Peace & Justice

This is the blog of the Commission on Peace and Justice for the Roman Catholic Diocese of Albany, New York.

Monday, August 31, 2015

Pray with Pope Francis Tomorrow

Earlier this year, Pope Francis announced that he was establishing a World of Day of Prayer for the Care of Creation, to be celebrated on September 1 every year beginning tomorrow. In making the announcement, the Pope wrote: 

As Christians we wish to offer our contribution towards overcoming the ecological crisis which humanity is living through.  Therefore, first of all we must draw from our rich spiritual heritage the reasons which feed our passion for the care of creation, always remembering that for believers in Jesus Christ, the Word of God who became man for us, “the life of the spirit is not dissociated from the body or from nature or from worldly realities, but lived in and with them, in communion with all that surrounds us.” ([cfr Encylical Letter. Laudato Si,]  216).  The ecological crisis therefore calls us to a profound spiritual conversion: Christians are called to “an ecological conversion whereby the effects of their encounter with Jesus Christ become evident in their relationship with the world around them.” (ibid., 217).  Thus, “living our vocation to be protectors of God’s handiwork is essential to a life of virtue; it is not an optional or a secondary aspect of our Christian experience.”(ibid). 

One way to mark the day is to pray the Prayer to Care for Our Common Home, from the US Conference of Catholic Bishops. It is based on the Pope’s encyclical, Laudato Si.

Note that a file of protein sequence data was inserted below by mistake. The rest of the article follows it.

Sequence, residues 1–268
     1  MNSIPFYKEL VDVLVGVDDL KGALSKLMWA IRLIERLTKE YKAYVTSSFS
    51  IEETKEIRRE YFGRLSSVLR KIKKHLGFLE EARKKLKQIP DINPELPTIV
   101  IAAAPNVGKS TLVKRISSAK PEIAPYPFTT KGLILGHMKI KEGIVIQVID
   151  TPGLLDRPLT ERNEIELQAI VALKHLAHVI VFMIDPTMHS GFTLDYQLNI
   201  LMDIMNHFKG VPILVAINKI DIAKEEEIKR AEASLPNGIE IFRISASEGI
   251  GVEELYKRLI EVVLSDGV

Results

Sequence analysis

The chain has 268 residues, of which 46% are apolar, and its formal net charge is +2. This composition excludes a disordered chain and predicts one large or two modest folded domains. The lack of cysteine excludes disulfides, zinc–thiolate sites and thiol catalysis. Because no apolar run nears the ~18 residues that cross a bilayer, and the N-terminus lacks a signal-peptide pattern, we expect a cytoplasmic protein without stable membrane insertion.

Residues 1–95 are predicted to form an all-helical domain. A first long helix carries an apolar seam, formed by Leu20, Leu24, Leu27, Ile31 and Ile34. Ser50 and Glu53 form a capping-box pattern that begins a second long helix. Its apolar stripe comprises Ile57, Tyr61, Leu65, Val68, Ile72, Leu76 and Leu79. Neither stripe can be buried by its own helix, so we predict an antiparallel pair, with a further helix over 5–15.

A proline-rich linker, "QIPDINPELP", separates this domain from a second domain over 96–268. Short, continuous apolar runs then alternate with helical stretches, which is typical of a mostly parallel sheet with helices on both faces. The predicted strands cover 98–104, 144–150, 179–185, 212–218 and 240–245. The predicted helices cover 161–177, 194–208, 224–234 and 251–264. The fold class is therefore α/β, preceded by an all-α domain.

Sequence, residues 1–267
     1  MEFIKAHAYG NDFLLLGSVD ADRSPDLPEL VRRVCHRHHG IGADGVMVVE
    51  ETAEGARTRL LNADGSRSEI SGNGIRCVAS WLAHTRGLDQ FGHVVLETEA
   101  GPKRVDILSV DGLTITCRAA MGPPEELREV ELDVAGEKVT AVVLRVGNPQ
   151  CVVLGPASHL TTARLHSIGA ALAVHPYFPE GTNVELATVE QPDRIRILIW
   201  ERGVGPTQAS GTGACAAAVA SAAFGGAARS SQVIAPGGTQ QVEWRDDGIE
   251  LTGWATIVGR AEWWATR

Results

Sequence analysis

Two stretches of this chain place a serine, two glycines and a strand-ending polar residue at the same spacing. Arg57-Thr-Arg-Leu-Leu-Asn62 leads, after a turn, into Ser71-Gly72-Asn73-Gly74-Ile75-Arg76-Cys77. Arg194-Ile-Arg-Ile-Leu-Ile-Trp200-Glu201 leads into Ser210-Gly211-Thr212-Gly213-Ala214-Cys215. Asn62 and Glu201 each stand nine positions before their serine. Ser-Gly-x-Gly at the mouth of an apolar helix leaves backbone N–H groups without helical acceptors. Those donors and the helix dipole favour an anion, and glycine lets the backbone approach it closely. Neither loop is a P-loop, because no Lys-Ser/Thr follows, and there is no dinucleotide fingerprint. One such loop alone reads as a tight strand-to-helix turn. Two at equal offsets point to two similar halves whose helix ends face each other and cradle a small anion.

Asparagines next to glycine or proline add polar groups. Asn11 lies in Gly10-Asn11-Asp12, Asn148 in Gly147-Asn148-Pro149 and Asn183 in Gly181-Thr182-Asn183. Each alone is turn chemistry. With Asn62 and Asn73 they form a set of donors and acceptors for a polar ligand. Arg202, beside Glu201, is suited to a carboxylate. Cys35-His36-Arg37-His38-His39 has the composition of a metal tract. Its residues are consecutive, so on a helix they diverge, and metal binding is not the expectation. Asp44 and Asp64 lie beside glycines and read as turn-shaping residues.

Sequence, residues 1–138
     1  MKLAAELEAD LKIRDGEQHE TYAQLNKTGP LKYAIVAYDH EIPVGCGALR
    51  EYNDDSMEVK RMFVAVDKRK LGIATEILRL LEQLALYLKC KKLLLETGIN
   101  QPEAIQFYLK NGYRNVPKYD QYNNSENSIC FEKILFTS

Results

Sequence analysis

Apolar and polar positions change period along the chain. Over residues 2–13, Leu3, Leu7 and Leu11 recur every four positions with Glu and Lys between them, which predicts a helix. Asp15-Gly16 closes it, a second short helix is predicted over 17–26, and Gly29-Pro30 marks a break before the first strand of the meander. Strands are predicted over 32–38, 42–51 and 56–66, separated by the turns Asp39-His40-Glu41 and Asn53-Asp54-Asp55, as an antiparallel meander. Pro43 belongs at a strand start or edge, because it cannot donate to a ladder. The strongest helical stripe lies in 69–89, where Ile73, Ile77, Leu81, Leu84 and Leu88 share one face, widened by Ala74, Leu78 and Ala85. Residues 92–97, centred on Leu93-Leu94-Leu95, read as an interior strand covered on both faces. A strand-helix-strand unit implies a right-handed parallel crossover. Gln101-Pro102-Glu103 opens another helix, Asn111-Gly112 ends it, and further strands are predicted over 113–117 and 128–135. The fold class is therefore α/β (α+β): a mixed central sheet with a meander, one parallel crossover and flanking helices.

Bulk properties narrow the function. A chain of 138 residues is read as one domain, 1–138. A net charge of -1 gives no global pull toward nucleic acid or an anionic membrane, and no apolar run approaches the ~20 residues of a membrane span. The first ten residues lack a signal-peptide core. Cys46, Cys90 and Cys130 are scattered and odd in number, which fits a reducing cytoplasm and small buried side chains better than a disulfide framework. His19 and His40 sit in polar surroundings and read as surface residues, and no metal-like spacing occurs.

You might also visit the website of Catholics Confront Global Poverty, an organization formed by the USCCB  and Catholic Relief Services. It offers information on Church teachings and provides ways to get involved in addressing the issues.
Catholic Charities' Commission on Peace and Justice is looking at appropriate ways mark the day next year.

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Friday, August 28, 2015

Labor Day resources

The Catholic Church has been speaking out strongly on the rights of workers since at least 1891, when Pope Leo XIII issued Rerum Novarum, "On the Condition of Labor."

Here are some of the main points, according to The Busy Christian’s Guide to Catholic Social Teaching, on the website of U.S. Catholic magazine [you should bookmark this page]:
Promotion of human dignity through just distribution of wealth. Present inequality creates a decline of morality as shown in alcohol consumption, prostitution, and divorce. Workers have basic human rights that adhere to Natural Law, which says all humans are equal. Rights include the right to work, to own private property, to receive a just wage, and to organize into workers' associations. Employers and employees each have rights and responsibilities: while the worker should not riot to create a situation of conflict with the employer, the employer should maintain an environment respecting worker's dignity.
The Church’s support of labor continues to this day, with the release of the latest Labor Day statement from the U.S. Conference of Catholic Bishops. It was written by Archbishop Thomas G. Wenski of Miami, Chairman of the USCCB’s Committee on Domestic Justice and Human Development. The Archbishop writes:
We share one common home as part of a larger, single family, so the dignity of workers, the stability of families, and the health of communities are all intertwined. The path to a renewed society is built on authentic solidarity and rooted in faith. It rejects the individualism and materialism that make us indifferent to suffering and closed to the possibility of encounter.
He goes on to write about personal conversion, a living wage, the struggles of families, the importance of work, and other issues.

This statement would make a good bulletin insert for the weekend of September 5 and 6.

The USCCB also offers a pastoral aid with comments on the readings for the day, points for theological reflection from the statement, suggestions for parish activities, and prayers for the faithful, among other topics.

An archive of past Labor Day statements, going back almost 30 years, is available here.

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